In a perfect scenario, you will eventually localize almost every part of your product: from names to the product description to documentation. But in reality, localization should be effective. You should prioritize the content that should be localized first, otherwise, the expenses will be too high. Research will aid you to determine local demands. Here are examples of content that you’d want to localize as soon as possible:
In most situations, the first step is to localize your website. Global consumers often look through brand web pages to familiarize themselves with a newcomer. A properly localized webpage will boost the customer impression of the brand.
If you chose to localize, you might find yourself in a position where you have to engage an outsource translation service provider. Pick a service provider with experience in localization in multiple languages, good reviews, and an established portfolio. Such a provider will become a trusted partner and give a perfect look to your product.
To oversee and control the localization process, you can hire a product localization manager. Product localization managers are responsible for schedules, suppliers, selection, and management of the localization team. They serve as a bridge between client and service provider, ensuring comfortable communication and high-quality, efficient work.
After a language service provider has translated the materials, the client can involve an in-country reviewer into the localization process. In-country review is a validation of translated material by a local reviewer. ICR is used to ensure that the translation is culturally relevant.
In-country reviewers typically aren’t professional linguists, which means their proofreading ability might be better than their linguistic skill. To avoid troubles and miscommunications, clients need to establish certain guidelines for ICRs. These guidelines may include:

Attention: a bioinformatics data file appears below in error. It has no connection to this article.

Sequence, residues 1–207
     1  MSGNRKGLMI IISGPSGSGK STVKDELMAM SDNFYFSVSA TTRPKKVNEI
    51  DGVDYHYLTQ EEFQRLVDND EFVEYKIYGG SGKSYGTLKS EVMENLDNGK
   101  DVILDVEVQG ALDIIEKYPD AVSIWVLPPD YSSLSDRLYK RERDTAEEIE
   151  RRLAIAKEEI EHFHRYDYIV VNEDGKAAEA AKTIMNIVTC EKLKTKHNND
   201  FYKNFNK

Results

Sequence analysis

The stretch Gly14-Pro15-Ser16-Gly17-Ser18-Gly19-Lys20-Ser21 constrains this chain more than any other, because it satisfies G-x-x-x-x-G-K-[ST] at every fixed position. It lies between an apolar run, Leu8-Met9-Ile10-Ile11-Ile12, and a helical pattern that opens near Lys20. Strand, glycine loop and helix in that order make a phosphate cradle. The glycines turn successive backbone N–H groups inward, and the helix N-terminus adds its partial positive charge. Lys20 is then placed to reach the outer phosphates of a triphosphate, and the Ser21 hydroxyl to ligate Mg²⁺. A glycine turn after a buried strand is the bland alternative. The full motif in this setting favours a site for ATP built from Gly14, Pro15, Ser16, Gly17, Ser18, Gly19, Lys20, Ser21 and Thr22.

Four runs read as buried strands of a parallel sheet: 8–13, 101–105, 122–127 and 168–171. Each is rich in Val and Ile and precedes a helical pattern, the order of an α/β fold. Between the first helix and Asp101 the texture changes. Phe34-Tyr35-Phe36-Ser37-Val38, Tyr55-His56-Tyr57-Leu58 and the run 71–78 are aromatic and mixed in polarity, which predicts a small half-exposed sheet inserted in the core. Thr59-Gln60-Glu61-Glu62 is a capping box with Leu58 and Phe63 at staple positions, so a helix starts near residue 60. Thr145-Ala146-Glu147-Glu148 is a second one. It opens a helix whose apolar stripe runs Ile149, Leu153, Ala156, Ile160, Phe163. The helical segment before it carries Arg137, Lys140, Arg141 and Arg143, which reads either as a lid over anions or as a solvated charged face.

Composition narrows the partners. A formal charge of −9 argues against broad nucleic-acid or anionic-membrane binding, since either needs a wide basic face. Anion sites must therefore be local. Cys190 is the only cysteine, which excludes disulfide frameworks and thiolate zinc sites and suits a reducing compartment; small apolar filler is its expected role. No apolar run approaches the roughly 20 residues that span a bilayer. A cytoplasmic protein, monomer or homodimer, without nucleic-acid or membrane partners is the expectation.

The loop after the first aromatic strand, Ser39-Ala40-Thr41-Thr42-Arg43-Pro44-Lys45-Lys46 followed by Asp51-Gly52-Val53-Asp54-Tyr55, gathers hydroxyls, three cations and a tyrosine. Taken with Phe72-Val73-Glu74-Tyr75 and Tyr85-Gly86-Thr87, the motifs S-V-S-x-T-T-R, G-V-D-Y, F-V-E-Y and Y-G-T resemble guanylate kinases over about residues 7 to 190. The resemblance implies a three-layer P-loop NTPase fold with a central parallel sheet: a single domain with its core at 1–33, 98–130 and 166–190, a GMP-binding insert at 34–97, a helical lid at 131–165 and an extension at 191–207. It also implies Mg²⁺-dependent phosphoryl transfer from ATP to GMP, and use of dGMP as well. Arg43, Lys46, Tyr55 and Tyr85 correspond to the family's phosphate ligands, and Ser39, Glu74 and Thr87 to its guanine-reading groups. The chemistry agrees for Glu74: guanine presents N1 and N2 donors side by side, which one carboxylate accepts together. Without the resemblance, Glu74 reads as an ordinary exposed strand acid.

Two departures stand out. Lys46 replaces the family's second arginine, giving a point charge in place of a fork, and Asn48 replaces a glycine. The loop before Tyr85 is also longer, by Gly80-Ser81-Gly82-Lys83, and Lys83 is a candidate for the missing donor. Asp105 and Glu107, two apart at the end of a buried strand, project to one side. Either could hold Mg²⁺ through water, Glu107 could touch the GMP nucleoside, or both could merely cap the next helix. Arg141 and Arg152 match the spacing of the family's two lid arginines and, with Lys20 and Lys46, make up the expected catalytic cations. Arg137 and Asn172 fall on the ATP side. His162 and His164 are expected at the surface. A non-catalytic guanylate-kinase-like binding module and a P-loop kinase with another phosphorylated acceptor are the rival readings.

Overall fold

The output of an ICR is a localized material tailored to the target market.
Once everything is double-checked, you may finally release the product and collect the first user experiences. Remember that successful localization, like product development, is a continuous process. This process doesn’t stop after your product is released to a new market. After vital content was localized and the product was well-received, you can plan on localizing less important content. As you update your product, don’t forget to update localizations, too.
While automated translation tools can’t replace an actual translator, they can still help if you’re dealing with repetitive translations. Technology offers an opportunity to reduce localization efforts, cut costs, and speed up the process. A proper tech stack will help with project management, organize your translation files, and provide ready glossaries for future translations.
To successfully move forward, you need to have a grip on the problem you’re trying to solve with localization. Is your company focused on a specific international customer base, or is it trying to quickly expand? Should you strive for quality or efficiency, or both? Once you’ve defined your goals, you can form a model to work with your future localization partner.
Consider the following issues:
To help you evaluate the efficiency of your investments, there’s a performance measure called Return of Investment. Using this measure, you will be able to define direct and incremental revenue from sales of localized products and services.
ROI = (Current added value of localization – Cost of localization)/Cost of localization
Localization ROI is a bit more challenging than classic ROI. This is because localization ROI significantly varies depending on a company and the project. Calculating ROI of localization, you will need to:
In the end, you will have an improved view of the project, a clear understanding of the efficiency of your investments, and be more prepared to communicate your goals to the localizer.
A good localization strategy can unlock the limitless potential of the ever-expanding global market. Introducing your product to a new audience opens new ways to collect profit, stimulate global growth, and expand your business.
To properly manage delicate work that is localization, you need an experienced partner. With the support of the Palex team of skilled professionals, you can translate and localize your products and services into 80 languages. Contact us for a consultation on a profitable localization strategy.